Therefore, it sickens me to see that so many readers commenting on the situation in Israel take the side of Islamic terrorists who seek the destruction of Western civilisation.



The current situation in the Middle East is totally down to Hamas terrorists firing rockets into Israel.

For years the Israeli people have had to put up with this daily threat to their lives while the world looks away.

The terrorists have an expanding range of missiles supplied by Iran.

No sensible person should expect Israel to sit back and tolerate this.

It is only right that Israel acts in self-defence because if Britain faced a similar threat most people would expect the British government to respond in the same way.

The Palestinian side has always ended any hopes for peace in the Middle East, and this current episode is no different.



In the last 10 years they rejected historic solutions proposed by both Bill Clinton and the great George W. Bush in favour of continued violence and terror.

In the face of such a threat we must commend the efforts of our Israeli allies to protect its people as part of the war on Islamic terror.

Of course everyone did not want to reach a situation in which IDF soldiers were ordered to go into Gaza.

I hoped that Israel would succeed in preventing this but from the moment they decided to go into Gaza it had to be done with determination and without hesitation.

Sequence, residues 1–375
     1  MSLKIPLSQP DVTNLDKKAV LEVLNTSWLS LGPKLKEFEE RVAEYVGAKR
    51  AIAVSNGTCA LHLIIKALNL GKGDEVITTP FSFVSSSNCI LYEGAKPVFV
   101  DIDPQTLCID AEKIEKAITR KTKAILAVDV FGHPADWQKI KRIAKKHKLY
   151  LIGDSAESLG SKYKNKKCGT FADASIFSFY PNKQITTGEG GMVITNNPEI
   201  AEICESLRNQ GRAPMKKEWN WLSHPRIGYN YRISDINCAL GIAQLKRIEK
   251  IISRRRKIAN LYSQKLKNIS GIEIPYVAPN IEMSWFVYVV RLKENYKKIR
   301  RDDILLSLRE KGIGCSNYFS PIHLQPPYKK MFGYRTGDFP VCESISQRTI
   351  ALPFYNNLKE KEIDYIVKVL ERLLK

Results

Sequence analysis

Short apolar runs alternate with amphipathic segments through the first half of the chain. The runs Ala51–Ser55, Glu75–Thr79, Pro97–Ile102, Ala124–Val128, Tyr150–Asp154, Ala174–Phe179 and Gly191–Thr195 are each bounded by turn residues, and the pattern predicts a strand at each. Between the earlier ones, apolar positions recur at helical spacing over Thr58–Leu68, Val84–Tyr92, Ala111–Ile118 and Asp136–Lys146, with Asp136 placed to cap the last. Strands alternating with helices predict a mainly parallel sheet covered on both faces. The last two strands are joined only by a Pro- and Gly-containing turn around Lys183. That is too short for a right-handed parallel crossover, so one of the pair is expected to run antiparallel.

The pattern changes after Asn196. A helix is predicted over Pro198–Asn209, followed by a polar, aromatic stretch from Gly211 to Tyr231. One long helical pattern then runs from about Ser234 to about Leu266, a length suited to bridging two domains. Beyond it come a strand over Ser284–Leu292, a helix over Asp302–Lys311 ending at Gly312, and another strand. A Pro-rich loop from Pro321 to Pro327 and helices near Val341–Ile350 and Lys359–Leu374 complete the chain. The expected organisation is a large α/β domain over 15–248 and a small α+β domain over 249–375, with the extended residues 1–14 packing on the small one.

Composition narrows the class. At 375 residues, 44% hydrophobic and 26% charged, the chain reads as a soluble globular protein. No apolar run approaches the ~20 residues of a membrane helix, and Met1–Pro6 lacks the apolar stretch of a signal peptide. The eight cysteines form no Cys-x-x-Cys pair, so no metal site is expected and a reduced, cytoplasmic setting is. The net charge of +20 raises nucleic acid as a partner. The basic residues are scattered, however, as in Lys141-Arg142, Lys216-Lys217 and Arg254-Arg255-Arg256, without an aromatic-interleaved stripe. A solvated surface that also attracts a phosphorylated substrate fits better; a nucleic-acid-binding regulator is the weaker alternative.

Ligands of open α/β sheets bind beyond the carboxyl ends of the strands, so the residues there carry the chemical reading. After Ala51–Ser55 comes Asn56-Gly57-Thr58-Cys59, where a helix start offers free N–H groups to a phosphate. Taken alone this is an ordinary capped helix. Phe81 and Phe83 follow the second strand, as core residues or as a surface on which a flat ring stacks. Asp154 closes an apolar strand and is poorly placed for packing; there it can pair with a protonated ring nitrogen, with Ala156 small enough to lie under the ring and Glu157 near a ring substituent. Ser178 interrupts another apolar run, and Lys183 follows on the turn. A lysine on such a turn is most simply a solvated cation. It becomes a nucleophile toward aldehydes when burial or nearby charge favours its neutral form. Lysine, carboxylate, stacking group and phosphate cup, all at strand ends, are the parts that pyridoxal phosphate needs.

People must not forget that Israel are dealing with brutal terrorist organisations devoid of the compassion and tolerance which characterise traditional christian nations.

Therefore, the blow inflicted upon Hamas had to have unprecedented strength.

One must not forget that Israel has also suffered losses since the start of Operation Cast Lead but should not be disillusioned that there could be fighting without casualties.

That is why I believe that that the war must go on until the conditions that are essential for Israel's security are met, that Hamas rocket fire ends and that means that the strengthening of the terrorist organisations via the smuggling of war materiel from Egypt into Gaza must also stop.

In the last two years, Israel has dedicated great and almost unprecedented efforts in order to reach peace with the Palestinians and the Syrians.

This in itself proves that Israel are not a country of war and do not want to fight but we must not forget that when it comes to security, Israel or any country for that matter should never compromise.

Roar said...

Being so far removed from the situation highlights (at least to me) the importance of having access to both sides of the story. That Israel refuses to allow forein media into Gaza is a pathetic move of manipulation. It, obviously, prevents people from hearing both sides of the story, and it enables Israel to claim that the news that is coming out of Gaza (from Palestinians) is unreliable and biased. This leads me to question what Israel is afraid of letting the world know, and makes me increasingly skeptical of their attack on Gaza.